The Supreme Court of Cambodia has upheld the guilty verdict of a lower-court against three Cambodian environmental activists over their involvement in a 2015 anti-sand dredging campaign in Koh-Kong province.
San Mala, Try Sovikear, and Sim Samnang of the environmental group Mother Nature, were arrested in August 2015 following a complaint by the sand dredging company Direct Access for causing damage and threatening company staff. The trio have consistently denied the allegations and insist the sand-dredging activity lacked transparency and was tainted by corruption. The verdict upholds the original sentence of 18 months' imprisonment and a $25,000 fine.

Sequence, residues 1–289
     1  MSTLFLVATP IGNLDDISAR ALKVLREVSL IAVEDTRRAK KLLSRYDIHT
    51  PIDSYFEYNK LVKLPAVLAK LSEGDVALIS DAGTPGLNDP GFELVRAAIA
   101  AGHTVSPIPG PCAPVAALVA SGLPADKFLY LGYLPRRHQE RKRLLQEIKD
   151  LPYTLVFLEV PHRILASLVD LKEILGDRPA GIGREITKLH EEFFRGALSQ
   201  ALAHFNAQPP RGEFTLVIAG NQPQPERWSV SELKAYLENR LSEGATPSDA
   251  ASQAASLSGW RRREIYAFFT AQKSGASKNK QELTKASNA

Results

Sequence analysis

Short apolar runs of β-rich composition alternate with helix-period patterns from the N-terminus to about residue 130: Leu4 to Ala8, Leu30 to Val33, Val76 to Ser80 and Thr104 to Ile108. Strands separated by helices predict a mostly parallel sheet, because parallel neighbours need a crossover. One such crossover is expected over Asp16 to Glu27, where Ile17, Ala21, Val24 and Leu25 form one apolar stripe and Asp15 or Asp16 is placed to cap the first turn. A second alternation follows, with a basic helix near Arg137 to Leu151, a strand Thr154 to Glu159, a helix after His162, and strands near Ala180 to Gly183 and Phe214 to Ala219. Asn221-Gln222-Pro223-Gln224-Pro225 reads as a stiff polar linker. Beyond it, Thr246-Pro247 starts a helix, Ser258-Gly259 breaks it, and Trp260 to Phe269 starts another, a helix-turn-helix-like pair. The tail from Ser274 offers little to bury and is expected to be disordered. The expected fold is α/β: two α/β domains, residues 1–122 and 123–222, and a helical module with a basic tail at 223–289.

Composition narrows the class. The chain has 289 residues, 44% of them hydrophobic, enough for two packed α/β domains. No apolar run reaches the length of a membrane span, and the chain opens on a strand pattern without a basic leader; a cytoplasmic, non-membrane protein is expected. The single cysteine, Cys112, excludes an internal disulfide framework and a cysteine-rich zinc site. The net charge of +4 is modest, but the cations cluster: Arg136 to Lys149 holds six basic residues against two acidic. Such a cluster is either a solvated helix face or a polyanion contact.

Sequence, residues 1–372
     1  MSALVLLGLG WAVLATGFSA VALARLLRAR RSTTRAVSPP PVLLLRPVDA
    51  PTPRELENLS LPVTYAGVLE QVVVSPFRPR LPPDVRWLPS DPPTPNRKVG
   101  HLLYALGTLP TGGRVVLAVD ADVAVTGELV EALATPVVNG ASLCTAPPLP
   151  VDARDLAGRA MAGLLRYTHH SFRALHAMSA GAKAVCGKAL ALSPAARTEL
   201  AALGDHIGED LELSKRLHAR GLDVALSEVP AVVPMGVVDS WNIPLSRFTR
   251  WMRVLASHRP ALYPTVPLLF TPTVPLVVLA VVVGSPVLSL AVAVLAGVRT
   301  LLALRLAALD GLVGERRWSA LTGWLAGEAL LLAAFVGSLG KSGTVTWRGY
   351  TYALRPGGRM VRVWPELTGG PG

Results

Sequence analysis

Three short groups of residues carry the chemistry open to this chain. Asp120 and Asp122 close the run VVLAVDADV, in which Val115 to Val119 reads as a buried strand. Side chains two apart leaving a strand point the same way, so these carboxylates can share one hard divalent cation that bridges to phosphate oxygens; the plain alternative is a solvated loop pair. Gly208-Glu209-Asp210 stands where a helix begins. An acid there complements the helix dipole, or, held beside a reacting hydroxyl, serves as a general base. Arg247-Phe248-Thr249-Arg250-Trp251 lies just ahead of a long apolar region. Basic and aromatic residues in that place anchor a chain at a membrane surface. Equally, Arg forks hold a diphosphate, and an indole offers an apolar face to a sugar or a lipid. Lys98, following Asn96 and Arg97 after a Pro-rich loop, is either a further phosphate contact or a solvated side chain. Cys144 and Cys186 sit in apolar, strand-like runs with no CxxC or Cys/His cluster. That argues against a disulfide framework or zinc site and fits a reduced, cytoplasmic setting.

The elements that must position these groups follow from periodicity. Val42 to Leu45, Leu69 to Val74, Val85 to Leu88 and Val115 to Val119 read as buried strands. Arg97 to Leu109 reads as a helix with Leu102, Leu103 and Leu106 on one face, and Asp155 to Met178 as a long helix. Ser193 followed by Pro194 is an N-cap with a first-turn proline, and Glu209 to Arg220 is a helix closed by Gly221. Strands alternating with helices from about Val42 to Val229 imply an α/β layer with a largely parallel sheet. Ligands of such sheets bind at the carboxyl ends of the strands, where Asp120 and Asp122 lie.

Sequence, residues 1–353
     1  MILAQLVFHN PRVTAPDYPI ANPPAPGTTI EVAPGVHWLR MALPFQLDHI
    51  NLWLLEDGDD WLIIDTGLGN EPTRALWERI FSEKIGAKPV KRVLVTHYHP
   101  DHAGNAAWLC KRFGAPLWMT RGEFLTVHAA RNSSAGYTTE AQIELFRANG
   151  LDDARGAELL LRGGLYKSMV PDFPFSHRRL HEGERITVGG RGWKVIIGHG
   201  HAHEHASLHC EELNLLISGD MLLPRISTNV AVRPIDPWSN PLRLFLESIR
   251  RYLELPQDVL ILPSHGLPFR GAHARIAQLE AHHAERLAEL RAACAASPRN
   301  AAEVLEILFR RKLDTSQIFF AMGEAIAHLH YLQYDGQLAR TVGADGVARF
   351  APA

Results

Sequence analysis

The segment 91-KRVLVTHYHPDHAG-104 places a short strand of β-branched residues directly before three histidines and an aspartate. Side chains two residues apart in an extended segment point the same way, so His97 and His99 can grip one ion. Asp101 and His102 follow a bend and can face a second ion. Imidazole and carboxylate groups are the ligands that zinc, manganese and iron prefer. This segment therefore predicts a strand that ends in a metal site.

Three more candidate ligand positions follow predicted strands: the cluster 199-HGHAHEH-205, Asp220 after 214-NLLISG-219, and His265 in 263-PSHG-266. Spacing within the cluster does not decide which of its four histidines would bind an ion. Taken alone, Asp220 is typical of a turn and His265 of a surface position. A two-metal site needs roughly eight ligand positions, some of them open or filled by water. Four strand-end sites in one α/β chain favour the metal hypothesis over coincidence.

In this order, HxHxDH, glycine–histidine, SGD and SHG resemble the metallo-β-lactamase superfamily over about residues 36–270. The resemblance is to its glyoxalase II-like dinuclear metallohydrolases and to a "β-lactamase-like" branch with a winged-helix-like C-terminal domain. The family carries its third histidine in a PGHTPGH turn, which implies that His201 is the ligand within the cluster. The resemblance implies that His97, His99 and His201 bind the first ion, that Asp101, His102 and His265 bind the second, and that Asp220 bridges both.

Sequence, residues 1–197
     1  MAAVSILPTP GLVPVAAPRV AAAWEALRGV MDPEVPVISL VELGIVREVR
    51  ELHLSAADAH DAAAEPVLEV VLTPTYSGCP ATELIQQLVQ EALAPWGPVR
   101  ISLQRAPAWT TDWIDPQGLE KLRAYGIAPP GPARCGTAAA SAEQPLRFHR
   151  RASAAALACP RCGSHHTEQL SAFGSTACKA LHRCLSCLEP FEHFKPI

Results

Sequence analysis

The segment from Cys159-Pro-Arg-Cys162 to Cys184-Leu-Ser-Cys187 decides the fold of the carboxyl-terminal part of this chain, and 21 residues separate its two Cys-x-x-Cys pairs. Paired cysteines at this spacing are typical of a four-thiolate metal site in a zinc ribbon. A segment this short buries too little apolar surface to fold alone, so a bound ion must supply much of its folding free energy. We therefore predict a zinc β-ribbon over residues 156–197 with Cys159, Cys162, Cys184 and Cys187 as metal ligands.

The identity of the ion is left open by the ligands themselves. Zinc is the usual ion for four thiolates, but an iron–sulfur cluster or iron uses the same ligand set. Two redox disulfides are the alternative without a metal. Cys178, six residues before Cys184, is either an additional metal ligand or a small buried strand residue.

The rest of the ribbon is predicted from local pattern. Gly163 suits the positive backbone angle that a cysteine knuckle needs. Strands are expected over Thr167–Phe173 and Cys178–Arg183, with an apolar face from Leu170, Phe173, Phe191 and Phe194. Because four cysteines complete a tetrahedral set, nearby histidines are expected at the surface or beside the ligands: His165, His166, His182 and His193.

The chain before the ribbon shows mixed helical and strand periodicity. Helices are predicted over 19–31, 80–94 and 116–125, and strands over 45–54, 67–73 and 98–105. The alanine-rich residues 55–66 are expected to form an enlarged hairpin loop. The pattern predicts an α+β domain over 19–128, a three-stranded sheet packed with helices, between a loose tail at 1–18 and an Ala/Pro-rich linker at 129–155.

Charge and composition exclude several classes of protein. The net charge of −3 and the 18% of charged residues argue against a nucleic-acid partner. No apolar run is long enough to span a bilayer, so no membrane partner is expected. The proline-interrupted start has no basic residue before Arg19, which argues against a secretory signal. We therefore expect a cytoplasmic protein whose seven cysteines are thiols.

Sand-dredging is big business in Cambodia and the county has exported considerable quantities to enable land-reclamation projects, notably in Singapore. Environmental groups have run a longstanding campaign against the industry, saying it is riddled with corruption and citing environmental damage. Their campaigns have been credited with leading to a ban in sand exports in 2017 although activists say illegal exports have continued.
What will the implications of this verdict be for environmental activism in Cambodia? Will it temper civic engagement in a country that has been openly criticised for becoming increasingly authoritarian? To what extent are countries that import sand from Cambodia responsible for the crackdown on activists?